The Seattle Art Fair happened. I was there. So were other people, though organizers won't tell me the official attendance numbers. Things were bought and sold. I was shocked when a man inquired about a glass sculpture that cost $60K and he didn't immediately faint.
On the whole, I am less impressed with the fair than my predecessor was—it was fine. While I definitely appreciated seeing work by artists from across the world, I struggled with the question: who is this for? Collectors? Art lovers? The general public? Artists? Gallerists? Everyone seemed to walk around a bit in a daze (like me) or tut disapprovingly at the Bread Face demo.
In any case, here are some of the works that broke through the Big Indifference—both big and small.
I've really been blown away by White's recent work—I'm loving the shift in perspective and how he's playing with the layout and interface of various apps on our phones. The way the light illuminates the face of White's subject reminds me of the way light moves in a Georges de La Tour painting—less warm, though. Makes me wonder what at a 17th century Mary Magdalene would look like when scrolling through the Infinite Feed.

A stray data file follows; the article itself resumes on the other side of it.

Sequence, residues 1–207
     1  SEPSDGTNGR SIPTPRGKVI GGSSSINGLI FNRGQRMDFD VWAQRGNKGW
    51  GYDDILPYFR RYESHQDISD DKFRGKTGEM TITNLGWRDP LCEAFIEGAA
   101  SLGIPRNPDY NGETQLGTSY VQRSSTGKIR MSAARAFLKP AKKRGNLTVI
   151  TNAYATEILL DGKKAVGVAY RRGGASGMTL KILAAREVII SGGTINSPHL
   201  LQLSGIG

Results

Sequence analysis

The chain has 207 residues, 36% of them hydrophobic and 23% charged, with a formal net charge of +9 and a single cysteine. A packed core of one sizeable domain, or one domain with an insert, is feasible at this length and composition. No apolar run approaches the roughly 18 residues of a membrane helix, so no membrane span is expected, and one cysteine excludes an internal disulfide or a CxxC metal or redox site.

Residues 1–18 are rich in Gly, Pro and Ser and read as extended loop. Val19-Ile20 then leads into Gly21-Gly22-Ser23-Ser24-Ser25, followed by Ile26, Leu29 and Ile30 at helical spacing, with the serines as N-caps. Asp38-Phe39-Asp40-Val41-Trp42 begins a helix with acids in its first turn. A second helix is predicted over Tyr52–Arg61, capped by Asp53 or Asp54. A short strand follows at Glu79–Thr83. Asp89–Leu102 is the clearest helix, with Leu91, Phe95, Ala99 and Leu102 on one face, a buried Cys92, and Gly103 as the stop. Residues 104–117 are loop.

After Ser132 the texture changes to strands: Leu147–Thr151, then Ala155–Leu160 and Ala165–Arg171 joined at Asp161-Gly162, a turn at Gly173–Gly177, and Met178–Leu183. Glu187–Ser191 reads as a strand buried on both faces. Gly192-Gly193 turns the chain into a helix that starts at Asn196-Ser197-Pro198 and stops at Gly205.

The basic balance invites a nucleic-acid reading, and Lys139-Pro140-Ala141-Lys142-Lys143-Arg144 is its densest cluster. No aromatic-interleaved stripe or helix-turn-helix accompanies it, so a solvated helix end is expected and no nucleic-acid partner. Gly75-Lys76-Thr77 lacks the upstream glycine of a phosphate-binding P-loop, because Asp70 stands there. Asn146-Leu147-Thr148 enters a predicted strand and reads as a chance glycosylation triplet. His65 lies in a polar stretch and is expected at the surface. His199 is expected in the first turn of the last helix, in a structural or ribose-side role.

"To a Flame" was acquired by the Frye Art Museum for their permanent collection as part of a two-year partnership between the art fair and museum. The Frye also acquired three other artworks from three other Pacific Northwestern galleries and artists: Jeffry Mitchell from PDX CONTEMPORARY ART, Ko Kirk Yamahira from Russo Lee Gallery, and Mary Ann Peters of James Harris Gallery.
The pictures I took of California-based Heather Day's work really don't do it justice at all. Her pieces are deeply satisfying to look at—the blend of colors, movement, and line come together to create captivating and attractive pieces. Throughout her work I noticed that this bright magenta would sometimes make an appearance amongst all those cool tones. Something hot to keep your eyes focused.
In any case, Johnson’s paintings have a sense of atmosphere to them—they’re creepy, but I like them. I felt particularly drawn to the portrait series along the back wall of the booth—most of the figures had little teeth. Remind me of Tic Tacs.
The Seattle Art Fair 2020 will be back next July 23-26. And so goes another year.